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Is there a term that describes "when happy time feels shorter, when sad time feels longer"?

I can only think of "time perception" for the time part but nothing for the feelings part.

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I don't think English has a word for this. I think you have to pick either the slow case or the fast case and show the contrast with one's internal perception. What I usually see is

Each minute felt like an hour.

or

The immigration official looked at my passport. Ten seconds went by, or maybe an hour, I don't know.

That last one is my best recollection of a great episode of "From Our Own Correspondent."

For the opposite, in addition to the phrase in the other answer, you can also say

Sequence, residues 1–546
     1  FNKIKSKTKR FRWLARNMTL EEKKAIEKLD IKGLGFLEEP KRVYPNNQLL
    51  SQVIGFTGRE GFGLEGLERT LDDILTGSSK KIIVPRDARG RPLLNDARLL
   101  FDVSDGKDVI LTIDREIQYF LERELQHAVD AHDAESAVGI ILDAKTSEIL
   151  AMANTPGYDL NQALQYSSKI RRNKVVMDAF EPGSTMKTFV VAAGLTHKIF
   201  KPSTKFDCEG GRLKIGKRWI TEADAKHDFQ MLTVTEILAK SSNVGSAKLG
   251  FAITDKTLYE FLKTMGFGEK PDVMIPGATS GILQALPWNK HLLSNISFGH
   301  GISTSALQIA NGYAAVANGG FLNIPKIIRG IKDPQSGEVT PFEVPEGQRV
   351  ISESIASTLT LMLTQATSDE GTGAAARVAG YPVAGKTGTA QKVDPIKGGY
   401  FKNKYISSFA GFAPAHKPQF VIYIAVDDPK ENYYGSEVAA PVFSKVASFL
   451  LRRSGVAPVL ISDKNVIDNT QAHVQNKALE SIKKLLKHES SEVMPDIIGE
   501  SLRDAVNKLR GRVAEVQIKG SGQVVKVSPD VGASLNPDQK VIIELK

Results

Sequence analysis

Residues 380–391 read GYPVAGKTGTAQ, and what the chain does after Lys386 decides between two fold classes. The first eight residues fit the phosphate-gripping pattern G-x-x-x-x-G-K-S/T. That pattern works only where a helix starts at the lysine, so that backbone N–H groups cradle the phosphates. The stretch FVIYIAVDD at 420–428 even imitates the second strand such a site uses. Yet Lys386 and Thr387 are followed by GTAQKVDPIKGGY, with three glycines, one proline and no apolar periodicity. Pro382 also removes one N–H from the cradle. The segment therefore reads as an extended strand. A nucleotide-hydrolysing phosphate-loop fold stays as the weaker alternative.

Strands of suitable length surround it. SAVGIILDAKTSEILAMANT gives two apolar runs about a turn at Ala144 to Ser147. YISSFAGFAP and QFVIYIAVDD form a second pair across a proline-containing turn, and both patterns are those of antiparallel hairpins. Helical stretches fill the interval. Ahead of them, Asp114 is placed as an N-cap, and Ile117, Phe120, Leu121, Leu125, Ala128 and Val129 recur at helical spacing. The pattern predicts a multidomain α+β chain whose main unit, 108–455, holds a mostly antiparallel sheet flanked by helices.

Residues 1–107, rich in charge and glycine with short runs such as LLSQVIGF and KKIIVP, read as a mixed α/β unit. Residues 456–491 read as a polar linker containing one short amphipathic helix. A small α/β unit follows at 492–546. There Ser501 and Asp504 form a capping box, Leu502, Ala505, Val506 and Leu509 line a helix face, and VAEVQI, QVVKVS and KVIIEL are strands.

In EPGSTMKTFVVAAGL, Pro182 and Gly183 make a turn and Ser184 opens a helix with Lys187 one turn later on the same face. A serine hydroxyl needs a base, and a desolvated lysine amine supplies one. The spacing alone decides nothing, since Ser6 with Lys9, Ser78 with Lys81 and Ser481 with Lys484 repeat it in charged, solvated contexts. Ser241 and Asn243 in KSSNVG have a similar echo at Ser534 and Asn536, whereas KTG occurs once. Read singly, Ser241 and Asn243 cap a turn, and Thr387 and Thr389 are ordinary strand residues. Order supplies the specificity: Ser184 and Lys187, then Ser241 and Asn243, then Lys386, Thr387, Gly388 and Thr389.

Time flew by. Or The time flew by. Or The party felt like it was over in an instant.

This phrase, plus the context, are often enough to convey the feeling.

  • I wonder if there is a word for this in another language or field of knowledge. – Gula Kapas Dec 6 '16 at 9:17
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There is the idiom time flies when you're having fun which means that time seems to pass quickly when one is doing something enjoyable. It also implies that time seems to pass more slowly when one is not enjoying onself.

There does not seem to be an idiom or proverb in English which expresses the opposite idea but people will often say that "time drags" or that a tedious task "seems to go on for ever".

"Time flies" is often used ironically as well. A member of a group of people forced to wait interminably in an unstimulating environment might well say something like "Doesn't time fly when you're having fun?"

In his novel Catch-22 Joseph Heller has one character, Dunbar, who loved spending time on the shooting range, not because he enjoyed shooting but, on the contrary, because he hated it. Because he hated it time passed more slowly so, Dunbar said, he lived longer. Catch-22 being set on a US airfield in Italy during WWII living longer was important.

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